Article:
Dear PoPville – Loss of Historic Property Due to Zoning Hold Over

1511 A Street, NE

“Dear PoPville,

A single-family home on our street of single-family homes in northeast Capitol Hill recently sold to a “developer” who it now appears is planning on putting in 18 apartments. The house, 1511 A Street NE, a lovely home built in 1923 with an oversized lot and wrap-around porch, was owned by Mr. & Mrs. Byrd for many years. This couple, who lived there until they passed away in their late 90s, maintained the property impeccably, and always had a beautiful garden. Now, this beautiful and historic house may be lost because of a zoning hold-over from the time that the Car Barn, the next block over, was an actual functioning street-car barn. Half of the Car Barn, which is now condos and a registered historic building, as well as half of the adjacent square 1070 (which is where this house sits), are zoned C-2-A, a much more permissive zoning than R-4, which is what the other half of 1070 is zoned. All but a handful of buildings in square 1070 are single-family homes, with a few businesses fronting East Capitol Street.

The company that purchased the house is 57th Street Mews of Mitchellville, Maryland. They have a history of finding areas of the city that are zoned C-2-A and constructing large and unsightly boxes while seeking variances and zoning relief. One of their colleagues, a real estate consultant who has been quietly obtaining permits for the developer, has this mission statement listed on his website — “This company is designed to consult on land use and development with particular focus to find nuances in DC regulations that govern land use, construction and occupancy of structures in the District.” He finds the overlooked zoning mistakes ignored by the city and gets paid to do so. Genius.

My neighbors and I are increasingly concerned, both with the lack of response from our government officials and the failure of our city to identify this zoning problem in the first place.

We have since received plans from the developer, which I’m attaching with this email. We’re shocked that something like this could be built in our neighborhood as a matter of right.”

1511 A Street_Front View n (2)

107 Comment

  • Seems a waste to build multi-unit on C-2-A without building SOME sort of retail.

  • gotryit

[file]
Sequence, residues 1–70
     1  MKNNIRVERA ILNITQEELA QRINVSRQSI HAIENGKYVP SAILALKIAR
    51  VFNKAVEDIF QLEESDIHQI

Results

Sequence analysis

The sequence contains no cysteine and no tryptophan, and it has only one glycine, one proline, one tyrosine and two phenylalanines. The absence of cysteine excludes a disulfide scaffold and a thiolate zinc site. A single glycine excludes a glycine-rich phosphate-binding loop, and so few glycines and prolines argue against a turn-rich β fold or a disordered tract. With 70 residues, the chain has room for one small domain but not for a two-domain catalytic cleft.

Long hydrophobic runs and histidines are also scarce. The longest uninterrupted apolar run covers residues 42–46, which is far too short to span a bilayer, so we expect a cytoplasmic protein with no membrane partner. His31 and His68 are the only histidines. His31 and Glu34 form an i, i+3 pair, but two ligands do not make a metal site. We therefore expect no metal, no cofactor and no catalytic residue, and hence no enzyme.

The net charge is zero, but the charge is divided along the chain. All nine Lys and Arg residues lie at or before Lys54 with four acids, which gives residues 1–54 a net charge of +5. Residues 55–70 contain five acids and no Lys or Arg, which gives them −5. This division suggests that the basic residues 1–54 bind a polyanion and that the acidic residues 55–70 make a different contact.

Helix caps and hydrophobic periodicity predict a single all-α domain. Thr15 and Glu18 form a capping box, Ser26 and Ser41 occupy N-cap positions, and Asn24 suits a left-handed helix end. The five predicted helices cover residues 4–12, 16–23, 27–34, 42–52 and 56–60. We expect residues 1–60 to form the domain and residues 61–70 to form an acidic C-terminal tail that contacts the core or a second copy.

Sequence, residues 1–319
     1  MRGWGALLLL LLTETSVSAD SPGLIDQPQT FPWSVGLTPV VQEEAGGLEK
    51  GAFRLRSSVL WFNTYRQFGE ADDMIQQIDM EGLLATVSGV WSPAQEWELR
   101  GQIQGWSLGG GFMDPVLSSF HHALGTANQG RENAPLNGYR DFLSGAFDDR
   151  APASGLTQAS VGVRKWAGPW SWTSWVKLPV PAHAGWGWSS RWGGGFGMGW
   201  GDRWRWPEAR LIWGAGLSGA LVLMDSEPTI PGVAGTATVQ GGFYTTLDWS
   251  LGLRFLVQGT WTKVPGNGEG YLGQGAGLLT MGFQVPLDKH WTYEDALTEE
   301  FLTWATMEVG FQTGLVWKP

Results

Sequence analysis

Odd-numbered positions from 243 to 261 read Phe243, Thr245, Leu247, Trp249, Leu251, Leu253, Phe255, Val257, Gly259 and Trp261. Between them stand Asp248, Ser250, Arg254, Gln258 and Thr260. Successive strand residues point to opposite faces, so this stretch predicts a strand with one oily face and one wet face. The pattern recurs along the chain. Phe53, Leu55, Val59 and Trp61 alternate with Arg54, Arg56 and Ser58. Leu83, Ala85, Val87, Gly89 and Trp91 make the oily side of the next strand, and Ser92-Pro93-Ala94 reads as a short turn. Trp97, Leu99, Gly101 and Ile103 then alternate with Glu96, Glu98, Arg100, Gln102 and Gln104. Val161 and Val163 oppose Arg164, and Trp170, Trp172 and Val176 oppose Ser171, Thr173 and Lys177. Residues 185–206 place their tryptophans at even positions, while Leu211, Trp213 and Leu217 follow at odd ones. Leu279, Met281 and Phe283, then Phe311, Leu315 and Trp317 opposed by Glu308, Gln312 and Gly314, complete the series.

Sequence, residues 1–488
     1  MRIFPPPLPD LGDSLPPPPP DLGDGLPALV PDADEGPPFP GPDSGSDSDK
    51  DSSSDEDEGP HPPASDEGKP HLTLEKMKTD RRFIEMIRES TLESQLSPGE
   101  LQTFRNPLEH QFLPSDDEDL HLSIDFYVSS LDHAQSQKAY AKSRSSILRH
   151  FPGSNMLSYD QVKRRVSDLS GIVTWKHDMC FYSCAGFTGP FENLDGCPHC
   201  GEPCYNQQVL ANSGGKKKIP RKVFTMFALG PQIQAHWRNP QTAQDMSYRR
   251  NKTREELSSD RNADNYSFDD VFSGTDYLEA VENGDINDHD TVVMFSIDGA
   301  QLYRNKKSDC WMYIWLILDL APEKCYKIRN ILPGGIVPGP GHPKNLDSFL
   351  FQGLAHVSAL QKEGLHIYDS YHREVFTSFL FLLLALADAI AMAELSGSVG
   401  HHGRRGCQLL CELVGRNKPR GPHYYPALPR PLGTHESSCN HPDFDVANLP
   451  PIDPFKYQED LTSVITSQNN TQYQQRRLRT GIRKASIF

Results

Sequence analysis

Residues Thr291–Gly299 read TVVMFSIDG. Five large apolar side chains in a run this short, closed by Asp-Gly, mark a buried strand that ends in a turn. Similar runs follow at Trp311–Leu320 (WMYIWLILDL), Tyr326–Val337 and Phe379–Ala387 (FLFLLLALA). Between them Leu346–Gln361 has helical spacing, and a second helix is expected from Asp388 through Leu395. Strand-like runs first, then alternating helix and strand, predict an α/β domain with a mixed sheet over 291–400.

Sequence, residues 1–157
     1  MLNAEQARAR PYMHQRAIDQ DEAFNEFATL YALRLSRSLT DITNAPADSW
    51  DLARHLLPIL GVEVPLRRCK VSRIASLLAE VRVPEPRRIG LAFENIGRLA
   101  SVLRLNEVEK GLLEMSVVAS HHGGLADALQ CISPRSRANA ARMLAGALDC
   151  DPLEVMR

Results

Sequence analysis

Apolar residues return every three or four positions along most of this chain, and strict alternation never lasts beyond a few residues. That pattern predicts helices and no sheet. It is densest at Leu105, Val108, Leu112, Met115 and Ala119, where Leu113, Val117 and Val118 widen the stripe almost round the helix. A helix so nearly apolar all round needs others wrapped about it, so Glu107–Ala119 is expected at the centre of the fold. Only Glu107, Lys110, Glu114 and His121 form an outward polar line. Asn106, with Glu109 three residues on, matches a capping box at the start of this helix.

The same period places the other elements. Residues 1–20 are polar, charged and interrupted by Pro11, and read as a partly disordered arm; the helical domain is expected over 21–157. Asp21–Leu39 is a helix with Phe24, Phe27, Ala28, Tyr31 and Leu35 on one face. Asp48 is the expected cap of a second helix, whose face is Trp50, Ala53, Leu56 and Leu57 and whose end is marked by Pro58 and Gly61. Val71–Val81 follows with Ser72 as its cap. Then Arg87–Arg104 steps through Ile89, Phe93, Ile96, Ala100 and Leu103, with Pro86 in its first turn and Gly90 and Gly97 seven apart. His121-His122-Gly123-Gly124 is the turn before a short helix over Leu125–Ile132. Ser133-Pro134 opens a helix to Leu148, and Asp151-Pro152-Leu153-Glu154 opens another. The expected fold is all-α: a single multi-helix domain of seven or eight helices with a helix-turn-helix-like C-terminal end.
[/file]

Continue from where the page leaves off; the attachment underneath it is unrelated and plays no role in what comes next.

I kind of like the small apartment / condo buildings mixed with townhouses. I have that in my neighborhood too. As a plus, it allows a bit more diversity in home price compared to just townhouses.
    With 18 units will they need to have a couple of units below market rate for inclusionary zoning? What about parking?

    • Agreed. This house sold for $1.5 million. In its current form with renovations, I’m sure the house would be worth over $2 million.

      I’m sure the new condos won’t be cheap, but a lot more people will be able to afford them compared to a single family home.

    • Me too. I live a block from the old Hine school and can’t wait for that to be redeveloped. I love being in a istoric district but it’s nice to see big modern buildings here and there. Replacing an ugly rundown building that has no historic value and is across from a metro station is a little less controversial though (or at least it should be).

      • What is taking so long with Hine? I was over that way last week and couldn’t believe the building is still just sitting there…..and has a parking lot filled with MD plate cars? Is the city at least collecting parking fees for this, since it’s no longer operating as a school.

        • You know, I should probably be paying attention to the saga since I live so close but I’ve lost interest over the years. I think some neighbors filed a petition that is further holding up the process. Really frustrating.

  • What makes this particular house “historic”?

    • I was thinking the same thing. I own a Wardman rowhouse built in 1916. It’s old, but not “historic” – a term that usually carries with it significant restrictions on what can be done with the property. I sympathize with the OP but at least the new building is on a corner, as opposed to being plopped down in the midst of the existing houses.

    • I had the same question. The term “historic” usually carries with it specific restrictions on what can be done to the property. My house was built in 1916, as were all of the Wardman rowhouses on my block. They are historic in the sense that they are old, but not in the sense that a decisions has been made to preserve them as is in perpetuity.